There are persons who constantly clamor. They complain of oppression, speculation, and pernicious influence of wealth. They cry out loudly against all banks and corporations, and a means by which small capitalists become united in order to produce important and beneficial results. They carry on mad hostility against all established institutions. They would choke the fountain of industry and dry all streams.
Sadly, the biggest question isn’t how we managed to fail so badly; nor is it how anyone, even a shucking and jiving expert such as Obama, could spin it into an accomplished mission. No, the biggest and most maddening question is what mission?
When the boy acting as the POTUS sums up his own foreign policy as, “Donâ€™t do stupid shit,” and seems to believe that almost anything that America might do – aside from semi- or mis- targeted airstrikes and drone strikes – is “stupid shit,” failures such as Afghanistan, Iran, Iraq, Ossetria, and Ukraine are to be expected.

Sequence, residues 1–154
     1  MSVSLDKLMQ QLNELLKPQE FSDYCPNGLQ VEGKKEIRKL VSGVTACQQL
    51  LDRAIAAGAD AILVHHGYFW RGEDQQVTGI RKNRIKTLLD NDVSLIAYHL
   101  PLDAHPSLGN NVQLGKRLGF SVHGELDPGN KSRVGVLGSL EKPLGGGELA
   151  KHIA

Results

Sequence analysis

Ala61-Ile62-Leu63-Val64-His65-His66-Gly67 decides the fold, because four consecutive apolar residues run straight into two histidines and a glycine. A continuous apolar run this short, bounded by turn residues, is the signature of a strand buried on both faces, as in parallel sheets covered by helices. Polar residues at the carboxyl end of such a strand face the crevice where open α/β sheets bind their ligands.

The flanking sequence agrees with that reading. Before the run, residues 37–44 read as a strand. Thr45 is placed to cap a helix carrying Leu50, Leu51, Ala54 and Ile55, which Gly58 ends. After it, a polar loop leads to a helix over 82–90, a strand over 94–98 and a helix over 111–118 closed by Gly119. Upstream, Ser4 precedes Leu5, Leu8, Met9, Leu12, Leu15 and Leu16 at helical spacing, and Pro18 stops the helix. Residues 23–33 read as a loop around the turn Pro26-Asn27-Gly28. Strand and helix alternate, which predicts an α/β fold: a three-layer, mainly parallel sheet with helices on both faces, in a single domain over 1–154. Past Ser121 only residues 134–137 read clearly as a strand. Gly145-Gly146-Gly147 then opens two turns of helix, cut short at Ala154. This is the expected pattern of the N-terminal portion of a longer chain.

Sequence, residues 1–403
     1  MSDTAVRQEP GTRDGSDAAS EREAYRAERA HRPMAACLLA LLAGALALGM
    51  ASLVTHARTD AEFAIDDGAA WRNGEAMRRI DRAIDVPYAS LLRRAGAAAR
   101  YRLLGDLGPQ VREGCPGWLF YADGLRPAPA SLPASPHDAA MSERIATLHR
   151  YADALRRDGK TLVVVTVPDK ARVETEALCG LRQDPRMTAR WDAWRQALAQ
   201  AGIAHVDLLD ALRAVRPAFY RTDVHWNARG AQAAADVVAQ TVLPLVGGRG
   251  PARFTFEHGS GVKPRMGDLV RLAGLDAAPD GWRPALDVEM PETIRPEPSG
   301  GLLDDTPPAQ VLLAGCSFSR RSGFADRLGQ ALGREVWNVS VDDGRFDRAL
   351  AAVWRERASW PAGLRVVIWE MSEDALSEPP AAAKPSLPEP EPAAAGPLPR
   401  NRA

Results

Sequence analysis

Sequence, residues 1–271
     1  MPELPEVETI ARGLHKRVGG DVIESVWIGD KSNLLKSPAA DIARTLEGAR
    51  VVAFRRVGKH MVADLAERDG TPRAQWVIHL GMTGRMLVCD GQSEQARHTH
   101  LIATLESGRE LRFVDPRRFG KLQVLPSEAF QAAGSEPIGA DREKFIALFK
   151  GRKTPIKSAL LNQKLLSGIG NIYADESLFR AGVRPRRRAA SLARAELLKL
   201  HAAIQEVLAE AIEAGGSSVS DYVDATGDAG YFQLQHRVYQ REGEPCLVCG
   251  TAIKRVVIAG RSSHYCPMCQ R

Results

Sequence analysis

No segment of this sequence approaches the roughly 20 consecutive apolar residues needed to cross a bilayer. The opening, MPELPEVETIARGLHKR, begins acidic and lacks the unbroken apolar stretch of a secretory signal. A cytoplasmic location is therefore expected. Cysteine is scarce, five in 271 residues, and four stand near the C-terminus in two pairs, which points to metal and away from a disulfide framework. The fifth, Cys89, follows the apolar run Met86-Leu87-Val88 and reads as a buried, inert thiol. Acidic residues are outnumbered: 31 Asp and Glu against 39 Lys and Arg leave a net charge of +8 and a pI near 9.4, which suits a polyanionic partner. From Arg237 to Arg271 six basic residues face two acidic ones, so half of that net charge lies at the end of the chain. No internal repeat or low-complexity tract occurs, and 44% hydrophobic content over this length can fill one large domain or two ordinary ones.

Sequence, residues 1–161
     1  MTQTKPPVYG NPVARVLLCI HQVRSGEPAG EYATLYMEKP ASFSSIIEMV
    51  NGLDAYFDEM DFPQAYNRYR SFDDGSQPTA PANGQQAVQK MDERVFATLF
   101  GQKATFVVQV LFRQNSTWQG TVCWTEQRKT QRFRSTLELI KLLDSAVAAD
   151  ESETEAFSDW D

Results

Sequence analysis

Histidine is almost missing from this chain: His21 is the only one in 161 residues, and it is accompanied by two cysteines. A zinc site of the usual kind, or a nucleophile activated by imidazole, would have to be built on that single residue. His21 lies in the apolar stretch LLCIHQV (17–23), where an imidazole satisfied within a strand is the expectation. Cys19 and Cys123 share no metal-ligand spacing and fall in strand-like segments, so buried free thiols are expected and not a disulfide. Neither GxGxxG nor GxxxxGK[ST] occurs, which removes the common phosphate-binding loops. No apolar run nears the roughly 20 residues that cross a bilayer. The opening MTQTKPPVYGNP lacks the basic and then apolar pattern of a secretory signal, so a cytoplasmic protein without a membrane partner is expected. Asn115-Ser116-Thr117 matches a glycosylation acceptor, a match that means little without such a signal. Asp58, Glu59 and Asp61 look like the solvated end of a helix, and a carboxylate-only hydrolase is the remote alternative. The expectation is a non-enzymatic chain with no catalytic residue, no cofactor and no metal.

There’s at lot hot air being blown about by politicians and their pet talking heads about Russia’s supposed invasion of Ukraine. All across the globe there’s a chorus complaints and threats set to the disharmonious twin beats of statecraft and sabre rattling.
The Russian “Invasion” Of Ukraine
(Click to Enlarge)
But politically awkward reality is that Russian military forces have occupied only the peninsula of Crimea and have not imposed themselves upon mainland Ukraine. They’ve done this under the political pretext of protecting Russians and/or Russian speakers in Ukraine from violent reprisals from anti-Russian Ukrainian militants. Yet the best estimate at this time is that Putin is only really interested in maintaining control of- and providing security for Russia’s Black Sea naval base in Sevastopol, which is their Navy’s only access to the Mediterranean.
This is not to say that, given the right foreign impetus, this Crimean Not-War couldn’t turn into the next Crimean War. The Crimean Peninsula is more formally called the Autonomous Republic of Crimea and is only somewhat part of Ukraine – how a part much having been a point of contention for some time. It’s also more pro-Russia than pro-European, though there’s a strong antagonism between its two majority demographics, Muslim Tartars and Russian Christians. In other words, as it has always been, it’s ripe for conflict.